, Volume 211, Issue 2, pp 223–232 | Cite as

Daily life hour by hour, with and without cocaine: an ecological momentary assessment study

  • David H. EpsteinEmail author
  • Kenzie L. Preston
Original Investigation



Effects of an intervention cannot be understood without precise knowledge of the baseline behavior on which the intervention is superimposed. For misusers of illicit drugs, patterns of daily activities and moods have not been studied in a way that is amenable to statistical aggregation.


The aim of the study was to compare hour-by-hour daily activities in cocaine-dependent outpatients during urine-verified periods of use and abstinence.


In a cohort design, a volunteer sample of 112 methadone-maintained cocaine- and heroin-abusing outpatients provided ecological momentary assessment (EMA) data on handheld computers for 10,781 person-days. EMA responses to questions about current location, activities, companions, moods, and recent exposure to putative drug-use triggers were compared across periods of use and abstinence using SAS Proc Glimmix (for binary outcomes) and Proc Mixed (for continuous outcomes).


Periods of cocaine use were associated with idle, solitary, affectively negative afternoons but, unexpectedly, were also associated with a greater likelihood of early-morning or late-evening work. The whole-day concomitants of cocaine use were often distinct from the acute predecessors of use seen in prior analyses from the same sample. Several measures of negative mood increased during abstinence.


Weeks of cocaine use and abstinence in outpatients are associated with distinct patterns of mood and behavior; the detailed hourly data reported here should help inform treatment interventions aimed at changing daily activities. The findings also argue against the contention that cocaine abstinence symptoms decrease monotonically from the day of cessation.


Cocaine Abstinence Addiction Behavior Human Ecological momentary assessment 



This research was supported the Intramural Research Program (IRP) of the National Institute on Drug Abuse (NIDA), National Institutes of Health. We wish to thank the NIDA IRP Archway Clinic staff for data collection.


This research was supported by the NIDA Intramural Research Program.

Supplementary material

213_2010_1884_Fig6_ESM.jpg (448 kb)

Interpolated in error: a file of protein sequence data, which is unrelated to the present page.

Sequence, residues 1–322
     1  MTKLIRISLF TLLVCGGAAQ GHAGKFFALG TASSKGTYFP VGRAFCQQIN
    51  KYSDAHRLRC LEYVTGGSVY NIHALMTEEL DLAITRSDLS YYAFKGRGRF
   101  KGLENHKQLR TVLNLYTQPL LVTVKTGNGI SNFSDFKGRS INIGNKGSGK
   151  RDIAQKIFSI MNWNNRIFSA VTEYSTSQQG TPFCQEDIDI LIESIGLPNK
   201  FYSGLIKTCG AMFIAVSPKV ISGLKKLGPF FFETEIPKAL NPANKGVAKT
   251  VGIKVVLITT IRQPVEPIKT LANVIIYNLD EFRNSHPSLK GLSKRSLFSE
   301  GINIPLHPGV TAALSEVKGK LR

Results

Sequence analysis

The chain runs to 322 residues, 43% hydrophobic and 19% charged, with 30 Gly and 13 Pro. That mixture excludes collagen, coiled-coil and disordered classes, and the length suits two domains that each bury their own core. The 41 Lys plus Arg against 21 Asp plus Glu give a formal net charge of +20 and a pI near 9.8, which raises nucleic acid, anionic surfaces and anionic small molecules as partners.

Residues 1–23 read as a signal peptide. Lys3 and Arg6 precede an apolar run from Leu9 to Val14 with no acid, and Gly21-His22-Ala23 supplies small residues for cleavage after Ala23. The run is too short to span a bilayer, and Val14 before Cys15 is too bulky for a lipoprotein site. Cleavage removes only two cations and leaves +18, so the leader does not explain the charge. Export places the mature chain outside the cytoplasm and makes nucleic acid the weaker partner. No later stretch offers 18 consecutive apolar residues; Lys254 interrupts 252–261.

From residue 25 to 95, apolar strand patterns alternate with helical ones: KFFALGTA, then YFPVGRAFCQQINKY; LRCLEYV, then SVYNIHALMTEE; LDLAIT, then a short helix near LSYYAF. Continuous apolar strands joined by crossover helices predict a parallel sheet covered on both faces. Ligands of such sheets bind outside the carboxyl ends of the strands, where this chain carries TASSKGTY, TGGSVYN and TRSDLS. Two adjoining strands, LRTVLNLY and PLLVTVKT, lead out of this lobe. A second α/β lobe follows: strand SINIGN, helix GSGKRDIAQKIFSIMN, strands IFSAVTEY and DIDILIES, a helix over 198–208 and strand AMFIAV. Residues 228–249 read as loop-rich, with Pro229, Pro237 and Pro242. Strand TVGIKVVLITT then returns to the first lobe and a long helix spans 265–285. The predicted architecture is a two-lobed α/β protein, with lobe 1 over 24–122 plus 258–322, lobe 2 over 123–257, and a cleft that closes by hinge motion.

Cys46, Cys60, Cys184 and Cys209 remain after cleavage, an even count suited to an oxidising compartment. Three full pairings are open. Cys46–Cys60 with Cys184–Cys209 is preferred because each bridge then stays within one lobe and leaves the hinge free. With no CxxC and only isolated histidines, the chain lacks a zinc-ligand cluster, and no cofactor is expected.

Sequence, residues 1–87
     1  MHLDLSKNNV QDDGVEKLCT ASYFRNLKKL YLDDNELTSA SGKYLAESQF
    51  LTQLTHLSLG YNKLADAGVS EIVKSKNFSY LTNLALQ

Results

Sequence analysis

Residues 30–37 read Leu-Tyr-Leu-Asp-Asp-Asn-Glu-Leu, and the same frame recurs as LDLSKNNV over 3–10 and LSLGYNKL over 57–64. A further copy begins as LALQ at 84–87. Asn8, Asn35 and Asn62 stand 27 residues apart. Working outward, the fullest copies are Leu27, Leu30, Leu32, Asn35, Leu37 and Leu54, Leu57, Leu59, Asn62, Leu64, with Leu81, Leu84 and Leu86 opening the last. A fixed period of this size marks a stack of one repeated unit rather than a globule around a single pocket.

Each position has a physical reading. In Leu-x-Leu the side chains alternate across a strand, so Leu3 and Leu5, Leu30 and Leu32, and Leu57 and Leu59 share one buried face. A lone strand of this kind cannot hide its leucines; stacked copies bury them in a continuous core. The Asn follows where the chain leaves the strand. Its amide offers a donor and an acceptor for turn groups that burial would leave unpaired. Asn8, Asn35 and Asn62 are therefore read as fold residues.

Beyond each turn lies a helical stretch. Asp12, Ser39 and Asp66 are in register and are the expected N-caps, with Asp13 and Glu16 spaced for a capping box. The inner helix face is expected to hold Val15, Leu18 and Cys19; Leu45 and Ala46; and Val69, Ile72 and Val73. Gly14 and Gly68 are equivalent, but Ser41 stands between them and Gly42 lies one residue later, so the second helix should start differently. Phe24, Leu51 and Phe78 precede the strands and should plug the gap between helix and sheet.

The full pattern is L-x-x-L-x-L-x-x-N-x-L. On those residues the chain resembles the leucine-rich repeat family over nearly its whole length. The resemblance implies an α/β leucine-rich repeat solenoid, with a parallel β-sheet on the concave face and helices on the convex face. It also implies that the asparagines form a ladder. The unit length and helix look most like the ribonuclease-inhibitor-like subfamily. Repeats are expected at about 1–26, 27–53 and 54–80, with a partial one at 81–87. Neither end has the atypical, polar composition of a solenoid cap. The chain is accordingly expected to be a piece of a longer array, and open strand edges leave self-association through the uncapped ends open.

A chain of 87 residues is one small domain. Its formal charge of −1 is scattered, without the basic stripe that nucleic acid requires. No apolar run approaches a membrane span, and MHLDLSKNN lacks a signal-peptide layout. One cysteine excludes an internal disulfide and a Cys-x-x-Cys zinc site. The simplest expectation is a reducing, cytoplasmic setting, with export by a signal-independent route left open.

Figure S1

Left panels: time course of responses to the multiple-choice question “Who were you with when the beep occurred?” from 6 A.M. to 12 P.M. in 112 participants during periods of cocaine use or abstinence. These panels are identical to the figures in the main paper. Right panels: same data from the subset of 34 participants who contributed data to both the “abstinence” line and the “use” line (JPEG 448 kb)

213_2010_1884_MOESM1_ESM.eps (1.4 mb)
High resolution image file (EPS 1425 kb)
213_2010_1884_Fig7_ESM.jpg (375 kb)
Figure S2

Time course of responses to the multiple-choice question “Where were you when the beep occurred?” Details are the same as for Figure S1 (JPEG 374 kb)

213_2010_1884_MOESM2_ESM.eps (1.3 mb)
High resolution image file (EPS 1308 kb)
213_2010_1884_Fig8_ESM.jpg (530 kb)
Figure S3

Time course of responses to the multiple-choice question “What were you doing when the beep occurred?” Details are the same as for Figure S1 (JPEG 530 kb)

213_2010_1884_MOESM3_ESM.eps (1.6 mb)
High resolution image file (EPS 1618 kb)
213_2010_1884_Fig9_ESM.jpg (559 kb)
Figure S4

Time course of responses to yes/no questions beginning “During the past hour...” and assessing putative triggers of drug craving/use. Details are the same as for Figure S1 (JPEG 558 kb)

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High resolution image file (EPS 1599 kb)
213_2010_1884_Fig10_ESM.jpg (286 kb)
Figure S5

Time course of responses to Likert-scale questions beginning “Right now, do you feel...?” Details are the same as for Figure S1 (JPEG 286 kb)

213_2010_1884_MOESM5_ESM.eps (1.2 mb)
High resolution image file (EPS 1195 kb)


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Copyright information

© US Government 2010

Authors and Affiliations

  1. 1.Treatment Section, Clinical Pharmacology and Therapeutics Research Branch, Intramural Research Program, National Institute on Drug Abuse, National Institutes of HealthDepartment of Health & Human ServicesBaltimoreUSA

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